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Leafs’ Ranger has sore neck but feeling fortunate after scary hit

Toronto Maple Leafs' Paul Ranger is taken off the ice on a stretcher after hitting the boards head first from a check by Tampa Bay Lightning's Alex Killorn during first period NHL action in Toronto on Wednesday March 19, 2014.

Frank Gunn/THE CANADIAN PRESS

Paul Ranger does not know when he will be able to play another NHL game for the Toronto Maple Leafs but he still feels lucky.

The Leafs defenceman spoke to the media Friday for the first time since he was driven into the glass from behind by Tampa Bay Lightning forward Alex Killorn during a game Wednesday night. Ranger, 29, lay on the ice for several frightening minutes, then was immobilized and taken to hospital before he was discharged later Wednesday night after undergoing tests.

The best Ranger could manage on Friday was appearing for the Leafs' team photo and he isn't sure when he can start practising again. But he feels lucky to have escaped with a sore neck and no concussion.

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"Yeah, I'm thankful," he said. "It was pretty scary."

Ranger said he did not feel any pain in the first few seconds after the hit, perhaps because he "went into preservation mode." But the pain in his neck came quickly, although Ranger said he was able to quickly push any fear out of his mind.

While he was lying on the ice as the Leafs' medical staff worked on him, Ranger said he kept thinking, "I can move my legs, I can feel my hands, I can feel my feet and I'm going to be okay no matter what."

Ranger was hit with four seconds left in the first period and his Leafs teammates stayed on the ice to make sure he was all right by the time he was wheeled off on a stretcher. Also staying on the ice were several Lightning players, as Ranger was their friend from his days playing in Tampa.

Some of his former teammates told him that Killorn, who called Ranger and left a voice message after the game, was not the kind of person who would deliberately run someone from behind. Ranger did not seem upset the NHL decided the hit did not rate further punishment than the major penalty and game misconduct Killorn received, probably because it appeared Ranger turned into the hit. But Ranger would like to see such hits be reviewed closely.

"I haven't really seen the replays [of the hit], nor do I want to," Ranger said. "I watched it once. That was enough. I think it is something that happens a lot in our game. I think it needs looking at [but] I don't think it's up to me if someone gets suspended or not."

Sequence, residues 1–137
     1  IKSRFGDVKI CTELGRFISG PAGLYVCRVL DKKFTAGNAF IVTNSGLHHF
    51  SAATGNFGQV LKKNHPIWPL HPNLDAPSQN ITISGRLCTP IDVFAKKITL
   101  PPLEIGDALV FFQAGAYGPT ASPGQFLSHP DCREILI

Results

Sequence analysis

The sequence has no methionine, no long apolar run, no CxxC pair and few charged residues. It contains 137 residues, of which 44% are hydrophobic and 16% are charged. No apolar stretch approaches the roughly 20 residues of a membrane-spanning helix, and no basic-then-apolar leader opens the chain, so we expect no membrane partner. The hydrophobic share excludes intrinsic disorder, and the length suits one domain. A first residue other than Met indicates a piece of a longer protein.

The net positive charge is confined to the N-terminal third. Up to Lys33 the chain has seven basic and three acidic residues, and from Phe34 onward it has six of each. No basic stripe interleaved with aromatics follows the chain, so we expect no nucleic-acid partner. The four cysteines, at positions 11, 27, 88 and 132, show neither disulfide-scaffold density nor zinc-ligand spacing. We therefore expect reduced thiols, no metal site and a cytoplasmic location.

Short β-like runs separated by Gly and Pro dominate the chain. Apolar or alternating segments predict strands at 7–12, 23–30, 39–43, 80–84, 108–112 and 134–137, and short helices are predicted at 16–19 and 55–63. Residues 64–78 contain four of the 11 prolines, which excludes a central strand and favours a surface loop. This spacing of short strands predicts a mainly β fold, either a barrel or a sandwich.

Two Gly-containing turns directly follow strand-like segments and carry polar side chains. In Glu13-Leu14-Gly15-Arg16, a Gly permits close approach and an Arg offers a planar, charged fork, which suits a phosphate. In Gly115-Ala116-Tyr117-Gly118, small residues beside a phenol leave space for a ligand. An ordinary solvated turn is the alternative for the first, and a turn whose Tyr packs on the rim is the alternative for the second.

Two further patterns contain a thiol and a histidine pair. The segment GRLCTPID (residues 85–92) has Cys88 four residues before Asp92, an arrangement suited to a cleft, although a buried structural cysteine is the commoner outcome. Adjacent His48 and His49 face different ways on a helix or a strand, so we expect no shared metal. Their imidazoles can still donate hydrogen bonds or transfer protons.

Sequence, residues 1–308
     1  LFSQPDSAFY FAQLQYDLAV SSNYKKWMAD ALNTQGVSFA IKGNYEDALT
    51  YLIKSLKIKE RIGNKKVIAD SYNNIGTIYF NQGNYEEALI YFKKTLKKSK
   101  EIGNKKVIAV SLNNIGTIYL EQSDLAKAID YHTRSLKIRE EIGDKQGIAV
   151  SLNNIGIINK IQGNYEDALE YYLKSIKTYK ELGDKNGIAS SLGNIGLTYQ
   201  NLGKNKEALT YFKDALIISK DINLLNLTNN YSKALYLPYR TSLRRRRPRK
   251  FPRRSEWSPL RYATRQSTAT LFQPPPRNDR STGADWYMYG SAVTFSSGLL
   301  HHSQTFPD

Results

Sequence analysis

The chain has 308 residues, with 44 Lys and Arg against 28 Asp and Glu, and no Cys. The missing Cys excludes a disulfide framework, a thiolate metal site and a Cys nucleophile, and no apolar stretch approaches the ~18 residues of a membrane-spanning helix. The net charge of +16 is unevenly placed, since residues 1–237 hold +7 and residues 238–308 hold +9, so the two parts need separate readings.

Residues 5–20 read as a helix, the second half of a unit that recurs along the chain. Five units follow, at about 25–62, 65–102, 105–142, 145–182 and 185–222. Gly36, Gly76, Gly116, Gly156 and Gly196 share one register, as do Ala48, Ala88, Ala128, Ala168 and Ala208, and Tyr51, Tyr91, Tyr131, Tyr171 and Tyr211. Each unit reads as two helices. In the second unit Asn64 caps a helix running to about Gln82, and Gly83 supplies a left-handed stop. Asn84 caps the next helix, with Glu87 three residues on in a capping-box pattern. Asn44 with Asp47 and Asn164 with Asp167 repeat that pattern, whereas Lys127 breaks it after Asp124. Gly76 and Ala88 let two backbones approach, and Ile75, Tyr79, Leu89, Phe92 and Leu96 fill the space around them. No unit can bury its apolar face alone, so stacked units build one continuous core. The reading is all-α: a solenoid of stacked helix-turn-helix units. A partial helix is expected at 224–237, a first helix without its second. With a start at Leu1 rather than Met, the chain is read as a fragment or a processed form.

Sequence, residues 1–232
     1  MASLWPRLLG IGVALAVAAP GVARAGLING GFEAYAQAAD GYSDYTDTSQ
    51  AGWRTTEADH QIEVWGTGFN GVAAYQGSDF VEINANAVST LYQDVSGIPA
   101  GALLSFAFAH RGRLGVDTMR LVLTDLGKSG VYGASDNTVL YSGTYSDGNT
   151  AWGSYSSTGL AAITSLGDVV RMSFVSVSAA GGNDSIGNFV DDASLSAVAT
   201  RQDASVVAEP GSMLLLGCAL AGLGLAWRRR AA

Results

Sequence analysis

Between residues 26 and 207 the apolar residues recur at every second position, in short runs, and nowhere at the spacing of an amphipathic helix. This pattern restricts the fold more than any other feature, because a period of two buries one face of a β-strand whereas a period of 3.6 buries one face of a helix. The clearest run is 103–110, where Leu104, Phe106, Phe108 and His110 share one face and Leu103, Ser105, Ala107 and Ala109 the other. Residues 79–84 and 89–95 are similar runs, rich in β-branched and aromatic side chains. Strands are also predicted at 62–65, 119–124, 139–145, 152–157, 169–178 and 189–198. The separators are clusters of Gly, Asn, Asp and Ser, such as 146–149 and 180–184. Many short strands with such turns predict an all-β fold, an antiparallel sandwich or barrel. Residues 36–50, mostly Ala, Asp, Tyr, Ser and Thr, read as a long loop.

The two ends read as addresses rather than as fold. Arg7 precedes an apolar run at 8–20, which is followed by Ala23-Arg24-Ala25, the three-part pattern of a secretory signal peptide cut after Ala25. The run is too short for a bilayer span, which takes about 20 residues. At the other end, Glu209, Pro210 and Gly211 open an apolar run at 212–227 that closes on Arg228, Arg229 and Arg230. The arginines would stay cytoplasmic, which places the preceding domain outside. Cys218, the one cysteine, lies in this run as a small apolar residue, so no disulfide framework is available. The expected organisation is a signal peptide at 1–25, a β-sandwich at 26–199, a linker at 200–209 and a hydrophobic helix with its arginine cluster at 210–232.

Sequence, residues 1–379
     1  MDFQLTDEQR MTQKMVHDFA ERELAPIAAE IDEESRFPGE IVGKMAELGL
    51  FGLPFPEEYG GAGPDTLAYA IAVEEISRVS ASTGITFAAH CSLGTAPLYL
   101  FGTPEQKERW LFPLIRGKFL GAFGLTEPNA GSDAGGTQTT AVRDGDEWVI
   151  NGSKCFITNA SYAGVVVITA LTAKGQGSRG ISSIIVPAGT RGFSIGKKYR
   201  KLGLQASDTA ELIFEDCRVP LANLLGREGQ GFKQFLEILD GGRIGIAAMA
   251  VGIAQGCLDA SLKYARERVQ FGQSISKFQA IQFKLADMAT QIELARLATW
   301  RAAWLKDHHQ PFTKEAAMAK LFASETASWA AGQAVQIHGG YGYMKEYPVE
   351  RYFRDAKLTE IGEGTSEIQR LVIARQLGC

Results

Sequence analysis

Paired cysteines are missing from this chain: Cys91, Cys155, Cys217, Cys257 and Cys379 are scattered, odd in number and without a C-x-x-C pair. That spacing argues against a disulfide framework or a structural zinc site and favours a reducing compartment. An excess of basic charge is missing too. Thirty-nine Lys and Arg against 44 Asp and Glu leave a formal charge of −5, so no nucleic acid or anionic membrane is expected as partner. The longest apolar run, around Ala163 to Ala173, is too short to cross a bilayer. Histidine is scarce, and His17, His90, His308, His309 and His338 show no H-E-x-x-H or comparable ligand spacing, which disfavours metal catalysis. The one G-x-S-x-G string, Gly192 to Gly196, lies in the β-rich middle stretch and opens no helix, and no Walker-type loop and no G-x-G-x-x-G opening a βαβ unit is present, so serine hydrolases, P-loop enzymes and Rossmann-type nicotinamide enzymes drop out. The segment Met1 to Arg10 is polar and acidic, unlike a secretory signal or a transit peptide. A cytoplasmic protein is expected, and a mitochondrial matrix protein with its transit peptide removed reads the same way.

Ranger said he spoke to Killorn at some point following his discharge from hospital but "what was said will remain between us."

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The other good news for the Leafs concerns centre Dave Bolland, who took part in a full practice for the first time since he sustained a torn ankle tendon Nov. 2 that kept him out for 52 games. He skated between Mason Raymond and David Clarkson but a decision about playing Saturday against the Montreal Canadiens will not be made until shortly before the game.

"We'll see how it goes," Bolland said.

Also on the maybe list is goaltender Jonathan Bernier, whose groin injury progressed enough for him to participate in most of Friday's practice. But a decision about whether Bernier or James Reimer will start against the Habs will also be held until game-time.

Bernier said he feels better but was non-committal about his status.

"It's a critical time so I want to make sure I'm 100-per-cent and my body feels pretty good," he said.

If Bolland is able to play, the Leafs may have to send two players down to their farm team to get under the NHL salary cap unless Ranger is placed on the long-term injured list. The likely candidates are forwards Peter Holland and Carter Ashton, neither of whom needs to clear waivers first.

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About the Author
Hockey columnist

A native of Wainfleet, Ont., David Shoalts joined The Globe in 1984 after working at the Calgary Herald, Calgary Sun and Toronto Sun. He graduated in 1978 from Conestoga College and also attended the University of Waterloo. More

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